In my latest post, I delved into the topic of Azerbaijani Manat’s grim-looking short-term future following the surging demand for foreign exchange in March and concluded that there is a substantial risk of devaluation during 2020. In this post, I am going to share a concept on how the government can at least delay this devaluation for the near future and avoid exacerbating the economic situation in the country already troubled by coronavirus epidemic…
WHAT IS THE MATTER WITH MANAT?
First, I need to give a brief depiction of how foreign exchange markets operate in Azerbaijan. Most of the revenue that Azerbaijan gets from the sale of oil firstly goes to the State Oil Fund – SOFAZ for short (I say most of the revenue because a certain portion directly goes to the state budget in the form of taxation of the State Oil Company – SOCAR). Each year, when the budget of SOFAZ is drafted, they consider how much the Fund will be transferring to the State Budget. Since the revenue of SOFAZ is denominated in US Dollars (USD) whilst the State Budget operates with Azerbaijani Manat (AZN), there arises a need to exchange those dollars into manat before forwarding them to the State Budget. For that purpose, couple of times a month, the Central Bank organizes auctions with the participation of financial companies where the foreign currencies of the Oil Fund are sold in exchange for Manat. In essence, the amount of currencies sold in those auctions can be considered as an indirect indicator of the demand for foreign currencies in Azerbaijan.
What we have observed in early 2020 was a colossal upswing in the amount of currencies sold in those auctions, as seen on the Graph 1 below.
Graph 1: Dynamics of foreign currency auctions in Azerbaijan
Source: State Oil Fund of Azerbaijan
To put it shortly, the collapse of oil prices last month persuaded people to collectively sell their Manats in exchange for other currencies, in particular the US Dollar. Faced with this wave of demand, the banks in turn stormed the auctions and bought as much currency as possible. And here is the point: the excessive demand for foreign currency is a mere result of distrust of the general populace towards the national currency. If we look at the dynamics of the previous years, we can predict that at most the demand could have been around 800 million USD in March given that there was no crash in the oil market. However, in fact it was 1,925 million USD. The additional demand of 1.1 billion USD is the corollary of the psychological trauma endured upon Azerbaijanis since the devaluations of 2015.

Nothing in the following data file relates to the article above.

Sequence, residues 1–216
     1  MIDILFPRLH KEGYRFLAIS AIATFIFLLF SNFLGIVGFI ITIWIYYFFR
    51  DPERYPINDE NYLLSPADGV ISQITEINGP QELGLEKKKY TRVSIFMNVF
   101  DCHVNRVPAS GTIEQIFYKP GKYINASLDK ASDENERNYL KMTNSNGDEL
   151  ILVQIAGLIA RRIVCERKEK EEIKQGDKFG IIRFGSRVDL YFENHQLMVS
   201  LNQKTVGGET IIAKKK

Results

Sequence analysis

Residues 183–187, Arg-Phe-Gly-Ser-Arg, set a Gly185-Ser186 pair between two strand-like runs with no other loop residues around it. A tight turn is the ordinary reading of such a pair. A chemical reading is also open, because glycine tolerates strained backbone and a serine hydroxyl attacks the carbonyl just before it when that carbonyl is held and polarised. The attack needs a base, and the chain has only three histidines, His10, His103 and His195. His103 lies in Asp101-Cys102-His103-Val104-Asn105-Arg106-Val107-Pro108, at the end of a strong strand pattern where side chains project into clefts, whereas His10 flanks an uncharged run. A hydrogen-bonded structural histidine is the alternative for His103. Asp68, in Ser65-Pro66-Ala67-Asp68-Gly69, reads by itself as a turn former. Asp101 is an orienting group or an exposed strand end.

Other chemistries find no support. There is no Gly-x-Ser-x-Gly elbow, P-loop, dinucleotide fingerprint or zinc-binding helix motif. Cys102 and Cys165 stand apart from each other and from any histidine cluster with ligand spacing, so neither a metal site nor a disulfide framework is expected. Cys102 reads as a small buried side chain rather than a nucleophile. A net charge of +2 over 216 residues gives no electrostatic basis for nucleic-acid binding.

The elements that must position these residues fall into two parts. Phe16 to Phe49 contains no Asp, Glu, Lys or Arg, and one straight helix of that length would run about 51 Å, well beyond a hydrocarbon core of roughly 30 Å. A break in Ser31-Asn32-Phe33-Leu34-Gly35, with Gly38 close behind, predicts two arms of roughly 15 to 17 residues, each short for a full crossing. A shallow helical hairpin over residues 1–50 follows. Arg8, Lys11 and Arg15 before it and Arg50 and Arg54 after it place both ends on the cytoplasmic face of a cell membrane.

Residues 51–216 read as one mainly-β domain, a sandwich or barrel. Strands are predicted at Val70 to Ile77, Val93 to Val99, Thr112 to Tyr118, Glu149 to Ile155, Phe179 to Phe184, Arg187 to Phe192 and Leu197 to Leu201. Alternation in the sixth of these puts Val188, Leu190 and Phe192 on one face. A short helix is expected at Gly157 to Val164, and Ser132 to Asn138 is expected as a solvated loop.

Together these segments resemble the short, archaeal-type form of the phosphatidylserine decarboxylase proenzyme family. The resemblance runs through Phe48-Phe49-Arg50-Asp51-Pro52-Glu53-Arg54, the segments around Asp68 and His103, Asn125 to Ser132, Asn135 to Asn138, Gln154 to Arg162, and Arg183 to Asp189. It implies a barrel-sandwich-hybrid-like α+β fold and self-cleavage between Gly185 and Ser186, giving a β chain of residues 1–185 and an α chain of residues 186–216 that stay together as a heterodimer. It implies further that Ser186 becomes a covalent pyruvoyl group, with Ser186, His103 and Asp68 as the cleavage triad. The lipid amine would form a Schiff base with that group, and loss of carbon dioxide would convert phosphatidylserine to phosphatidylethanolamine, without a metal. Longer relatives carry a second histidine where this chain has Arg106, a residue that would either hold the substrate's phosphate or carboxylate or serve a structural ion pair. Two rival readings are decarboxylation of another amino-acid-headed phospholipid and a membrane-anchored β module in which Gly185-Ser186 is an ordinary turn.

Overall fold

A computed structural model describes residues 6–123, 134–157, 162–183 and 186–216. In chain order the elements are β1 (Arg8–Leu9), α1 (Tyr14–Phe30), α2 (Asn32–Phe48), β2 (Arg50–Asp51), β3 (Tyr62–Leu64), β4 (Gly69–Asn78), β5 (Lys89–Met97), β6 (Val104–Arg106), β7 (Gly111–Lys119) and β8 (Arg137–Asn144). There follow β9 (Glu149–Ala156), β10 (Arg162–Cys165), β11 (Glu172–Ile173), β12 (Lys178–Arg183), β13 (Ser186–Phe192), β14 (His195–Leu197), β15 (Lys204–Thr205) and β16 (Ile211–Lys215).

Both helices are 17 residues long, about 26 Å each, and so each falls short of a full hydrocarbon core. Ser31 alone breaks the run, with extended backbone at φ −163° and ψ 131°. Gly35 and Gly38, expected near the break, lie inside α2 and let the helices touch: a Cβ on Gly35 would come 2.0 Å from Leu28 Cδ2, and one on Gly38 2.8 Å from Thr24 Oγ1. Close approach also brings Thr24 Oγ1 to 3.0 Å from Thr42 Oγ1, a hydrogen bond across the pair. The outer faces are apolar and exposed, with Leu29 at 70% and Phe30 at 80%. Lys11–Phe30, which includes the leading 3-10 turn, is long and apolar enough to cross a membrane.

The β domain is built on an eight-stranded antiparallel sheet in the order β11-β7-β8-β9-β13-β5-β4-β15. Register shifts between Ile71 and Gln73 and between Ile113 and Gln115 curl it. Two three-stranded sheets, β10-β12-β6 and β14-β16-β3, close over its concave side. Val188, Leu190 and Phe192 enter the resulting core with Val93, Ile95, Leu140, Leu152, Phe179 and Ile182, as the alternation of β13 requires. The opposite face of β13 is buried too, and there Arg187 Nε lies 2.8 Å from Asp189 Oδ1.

If this trend prevails in the upcoming months, even in a much lesser form, then devaluation of Azerbaijani Manat may be inevitable. Such a phenomenon would devastate an already fragile economy suffering from coronavirus epidemic and its side effect of historically low oil prices.
The foreign currency auctions of April may seem meager for an outside observer, but we need to recognize that it may very well be a temporary trend due to lower amounts of income of the population during the outbreak. We can, therefore, see another surge in May once the effects of epidemic start to yield. That is quite a possibility, since the quarantine is set to be coming to an end soon whilst the price of Azerbaijan’s crude oil – Azerlight is yet to suffer, mainly due to the fact that a significant portion of its demand is driven by the Aviation sector, which know lays in severe bankruptcy.
Therefore, the short-term target of the government and the Central Bank should be to postpone the devaluation as long as the epidemic and the post-epidemic recession persists. Doing that, on the other hand, is not as easy as it sounds.
SHORT TERM ESCAPE FROM DEVALUATION – GOLD COMES TO THE RESCUE
Once the expected rise in demand for foreign currencies arrive, the classic methods of calling for “calmness” and “trust in national currency” would not work, as the credibility of state officials and the Central Bank is quite dubious in the minds of Azerbaijanis. The government needs to recognize that fact and prepare alternative mechanisms to impede the devaluation if the things take unfavorable turn. In my opinion, a new and rather straightforward program by the government can, at least theoretically, withhold the devaluation: sale of gold coins to the population in exchange for the national currency.
This proposed solution may seem old-fashioned, but once we think about it more comprehensively, we see that it can settle couple of problems at the same time. Long story short, it is a good time for the population to buy gold and it is also a good time for the State Oil Fund to sell gold. This exchange between the SOFAZ and the population would also be beneficial to Azerbaijani manat. In the paragraphs below, I will try to explain the claims that I just made.
WHY WOULD PEOPLE WANT TO BUY GOLD?